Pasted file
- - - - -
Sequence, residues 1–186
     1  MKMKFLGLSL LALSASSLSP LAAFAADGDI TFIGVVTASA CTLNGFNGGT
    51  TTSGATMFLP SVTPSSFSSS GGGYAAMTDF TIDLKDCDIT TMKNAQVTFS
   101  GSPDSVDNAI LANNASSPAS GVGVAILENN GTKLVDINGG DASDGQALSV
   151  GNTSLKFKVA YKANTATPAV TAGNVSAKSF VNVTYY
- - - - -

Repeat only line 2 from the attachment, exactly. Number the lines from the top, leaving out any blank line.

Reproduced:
     1  MKMKFLGLSL LALSASSLSP LAAFAADGDI TFIGVVTASA CTLNGFNGGT